According to the activists, every single person entering the Central Bus Station undergoes a very thorough manual and electronic inspection. They say that one would have to have the kind of clearance afforded to security services in order to bring a bomb the size of the one found into the station. The Jerusalem bus station boasts one of the most thorough security setups in Israel. Passengers must pass through metal detectors and put their bags through x-ray machines before entering the station, which is closely watched by closed-circuit video cameras placed throughout the building.

The timing of the "discovery," they say, was also suspicious - allowing maximal live coverage of the event due to its proximity to prime-time nightly news programs.

"I would not discount the possibility that we are dealing with a coordinated provocation," MK Uri Ariel told Arutz-7.

The dummy bomb was discovered in one of the station's rest rooms and had a note attached to it reading, "the disengagement will blow up in your faces" - a reference to statements by former Chief of Staff Lt.-Gen. (Ret.) Moshe Ya'alon regarding the Disengagement Plan. The device consisted of a 25-pound gas balloon attached to a clock, with wires protruding from it. The station was evacuated, causing an hour's delay for travelers.

The last time suspicious objects with messages regarding the Disengagement were left around the capital was May 17th - the day of the highly successful civil disobedience "dry-run." At that time, the stunt tied up traffic, but failed to draw attention away from the successful non-violent blocking of 40 intersections throughout the country and the 500 activists who willingly submitted to arrest in protest of the plan to uproot 25 Jewish communities in Gaza and northern Samaria. The morning of the next massive roadblockings, however, media attention was completely focused on the mysterious dumping of oil and nails on the Jerusalem-Tel Aviv highway, which largely distracted from the non-violent civil disobedience performed later in the day.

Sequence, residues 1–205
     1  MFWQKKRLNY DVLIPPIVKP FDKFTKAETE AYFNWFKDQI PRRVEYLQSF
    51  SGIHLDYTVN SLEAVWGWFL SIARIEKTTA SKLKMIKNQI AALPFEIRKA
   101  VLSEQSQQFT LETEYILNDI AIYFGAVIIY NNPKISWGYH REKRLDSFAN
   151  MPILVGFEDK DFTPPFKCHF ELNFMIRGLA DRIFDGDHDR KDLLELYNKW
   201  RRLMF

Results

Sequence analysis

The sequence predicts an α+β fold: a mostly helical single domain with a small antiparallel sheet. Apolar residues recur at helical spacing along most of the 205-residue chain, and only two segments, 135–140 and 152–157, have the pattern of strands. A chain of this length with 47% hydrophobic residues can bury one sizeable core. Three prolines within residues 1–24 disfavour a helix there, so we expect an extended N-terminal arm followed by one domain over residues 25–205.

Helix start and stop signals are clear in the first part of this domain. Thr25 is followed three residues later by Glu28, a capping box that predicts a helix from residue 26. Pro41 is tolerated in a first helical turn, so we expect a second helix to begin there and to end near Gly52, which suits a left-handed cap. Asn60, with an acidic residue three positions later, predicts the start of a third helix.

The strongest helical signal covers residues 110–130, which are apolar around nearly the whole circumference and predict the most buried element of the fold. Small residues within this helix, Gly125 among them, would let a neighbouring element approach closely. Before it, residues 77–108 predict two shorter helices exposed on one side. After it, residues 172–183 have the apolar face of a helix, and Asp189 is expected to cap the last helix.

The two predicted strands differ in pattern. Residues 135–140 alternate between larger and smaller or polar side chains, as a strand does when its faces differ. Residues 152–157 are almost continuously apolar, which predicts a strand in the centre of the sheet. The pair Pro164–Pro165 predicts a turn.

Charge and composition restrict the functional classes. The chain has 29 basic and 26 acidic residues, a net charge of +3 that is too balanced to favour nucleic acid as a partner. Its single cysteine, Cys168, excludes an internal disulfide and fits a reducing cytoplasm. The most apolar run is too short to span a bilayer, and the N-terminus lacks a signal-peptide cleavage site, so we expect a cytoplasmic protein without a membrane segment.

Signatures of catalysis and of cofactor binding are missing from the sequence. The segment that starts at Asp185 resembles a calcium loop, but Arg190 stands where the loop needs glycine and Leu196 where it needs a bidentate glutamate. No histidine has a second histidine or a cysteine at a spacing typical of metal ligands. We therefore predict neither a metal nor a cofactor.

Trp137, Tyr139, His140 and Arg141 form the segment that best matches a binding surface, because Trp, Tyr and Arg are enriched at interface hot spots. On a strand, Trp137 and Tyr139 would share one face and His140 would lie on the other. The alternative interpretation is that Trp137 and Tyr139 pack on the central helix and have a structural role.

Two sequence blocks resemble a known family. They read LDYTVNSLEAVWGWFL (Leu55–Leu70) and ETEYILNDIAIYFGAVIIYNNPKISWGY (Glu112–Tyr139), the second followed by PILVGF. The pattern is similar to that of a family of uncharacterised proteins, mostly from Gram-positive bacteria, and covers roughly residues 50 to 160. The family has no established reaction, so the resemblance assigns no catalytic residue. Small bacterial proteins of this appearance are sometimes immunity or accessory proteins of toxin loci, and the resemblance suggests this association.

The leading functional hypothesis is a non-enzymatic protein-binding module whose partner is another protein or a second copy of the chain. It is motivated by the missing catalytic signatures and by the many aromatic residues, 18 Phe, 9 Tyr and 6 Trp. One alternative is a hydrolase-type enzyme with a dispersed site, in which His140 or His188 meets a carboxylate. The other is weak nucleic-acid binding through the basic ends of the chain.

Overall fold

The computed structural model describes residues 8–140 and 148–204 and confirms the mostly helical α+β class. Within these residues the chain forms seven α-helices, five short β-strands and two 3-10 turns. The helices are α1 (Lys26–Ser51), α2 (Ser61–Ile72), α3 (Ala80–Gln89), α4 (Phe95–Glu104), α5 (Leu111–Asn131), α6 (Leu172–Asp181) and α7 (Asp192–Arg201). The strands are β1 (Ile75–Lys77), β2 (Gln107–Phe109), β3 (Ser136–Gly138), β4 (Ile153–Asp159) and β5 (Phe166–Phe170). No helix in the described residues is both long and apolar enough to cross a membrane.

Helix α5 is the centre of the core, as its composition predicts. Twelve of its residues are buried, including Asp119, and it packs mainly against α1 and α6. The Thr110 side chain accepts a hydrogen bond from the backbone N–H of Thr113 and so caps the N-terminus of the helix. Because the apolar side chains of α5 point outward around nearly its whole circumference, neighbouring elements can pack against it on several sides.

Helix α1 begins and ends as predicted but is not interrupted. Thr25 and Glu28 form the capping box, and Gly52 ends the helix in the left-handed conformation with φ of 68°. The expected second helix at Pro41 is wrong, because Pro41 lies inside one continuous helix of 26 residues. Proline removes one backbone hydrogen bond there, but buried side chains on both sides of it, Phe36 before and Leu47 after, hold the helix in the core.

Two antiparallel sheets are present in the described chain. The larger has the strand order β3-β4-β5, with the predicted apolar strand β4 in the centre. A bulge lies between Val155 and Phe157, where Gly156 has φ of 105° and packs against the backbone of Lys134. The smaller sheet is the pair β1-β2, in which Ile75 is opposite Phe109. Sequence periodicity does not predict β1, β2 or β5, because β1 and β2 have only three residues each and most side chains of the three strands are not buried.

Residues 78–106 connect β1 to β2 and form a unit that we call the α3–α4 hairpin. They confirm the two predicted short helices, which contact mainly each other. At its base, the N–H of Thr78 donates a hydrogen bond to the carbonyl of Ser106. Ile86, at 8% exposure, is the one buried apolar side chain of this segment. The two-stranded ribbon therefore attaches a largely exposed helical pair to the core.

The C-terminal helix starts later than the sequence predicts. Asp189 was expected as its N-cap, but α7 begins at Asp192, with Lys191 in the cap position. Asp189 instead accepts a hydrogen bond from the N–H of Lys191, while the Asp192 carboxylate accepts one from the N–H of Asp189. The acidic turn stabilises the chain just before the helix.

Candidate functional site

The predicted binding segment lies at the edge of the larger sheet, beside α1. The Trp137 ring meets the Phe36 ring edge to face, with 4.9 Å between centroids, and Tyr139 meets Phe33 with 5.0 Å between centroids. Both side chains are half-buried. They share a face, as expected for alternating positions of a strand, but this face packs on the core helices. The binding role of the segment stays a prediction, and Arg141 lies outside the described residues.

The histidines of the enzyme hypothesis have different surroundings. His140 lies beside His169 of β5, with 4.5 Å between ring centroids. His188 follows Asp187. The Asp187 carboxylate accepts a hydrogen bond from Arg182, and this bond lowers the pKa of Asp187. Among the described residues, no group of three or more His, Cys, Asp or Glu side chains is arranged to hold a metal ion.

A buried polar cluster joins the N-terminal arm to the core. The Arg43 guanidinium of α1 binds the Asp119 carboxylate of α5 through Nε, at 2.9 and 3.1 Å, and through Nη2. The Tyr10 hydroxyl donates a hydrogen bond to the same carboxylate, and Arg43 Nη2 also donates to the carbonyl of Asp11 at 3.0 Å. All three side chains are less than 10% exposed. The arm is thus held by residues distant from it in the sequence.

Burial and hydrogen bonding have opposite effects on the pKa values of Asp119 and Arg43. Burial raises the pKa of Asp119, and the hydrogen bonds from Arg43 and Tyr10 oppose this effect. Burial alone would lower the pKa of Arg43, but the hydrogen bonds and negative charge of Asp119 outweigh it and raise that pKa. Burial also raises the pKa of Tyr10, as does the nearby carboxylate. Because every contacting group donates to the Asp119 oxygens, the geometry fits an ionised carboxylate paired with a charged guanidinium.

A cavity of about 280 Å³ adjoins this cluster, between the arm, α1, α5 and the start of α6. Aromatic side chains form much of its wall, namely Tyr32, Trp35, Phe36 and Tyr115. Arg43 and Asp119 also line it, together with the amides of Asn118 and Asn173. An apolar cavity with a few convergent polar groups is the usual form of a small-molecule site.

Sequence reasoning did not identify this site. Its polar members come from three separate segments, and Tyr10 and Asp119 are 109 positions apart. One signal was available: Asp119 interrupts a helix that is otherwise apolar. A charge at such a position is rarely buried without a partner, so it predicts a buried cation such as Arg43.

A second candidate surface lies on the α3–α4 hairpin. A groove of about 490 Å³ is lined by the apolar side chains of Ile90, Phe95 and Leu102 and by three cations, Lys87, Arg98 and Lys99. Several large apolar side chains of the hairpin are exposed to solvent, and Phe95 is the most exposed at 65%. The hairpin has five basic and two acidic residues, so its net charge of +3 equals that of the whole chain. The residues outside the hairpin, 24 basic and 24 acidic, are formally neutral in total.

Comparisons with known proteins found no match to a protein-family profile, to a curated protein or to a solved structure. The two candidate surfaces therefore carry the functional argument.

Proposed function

In the period following the signing of the Oslo Accords, the Shabak had at least one phony activist on its payroll whose job it was to create outrageous incitement and attack Arabs in order to create public outrage toward the right-wing. The agent, Avishai Raviv, was found in court to have worked with state-controlled television producers to stage swearing-in ceremonies for supposed underground groups that were prominently featured on the nightly news.

Interior Minister Ophir Pines-Paz (Labor) harshly blamed opponents of the Disengagement Plan for what he said was an act of terrorism. "This is neither a protest nor a demonstration. This is an act of terror - Jewish terror. Jewish terrorism aimed against Jews," Pines-Paz told Army Radio. "It is true the bomb didn't explode, but it caused exactly the same hysteria, the same panic, the same tying up of police and security forces and the same suffering to the population as any other terror attack."

MK Sha'ul Yahalom also condemned the dummy bomb, blaming it on right-wing Jews. "The extremists are making our position hated in the Israeli public, causing a desecration of G-d's name and deepening the fractures between different segments of the nation," he said.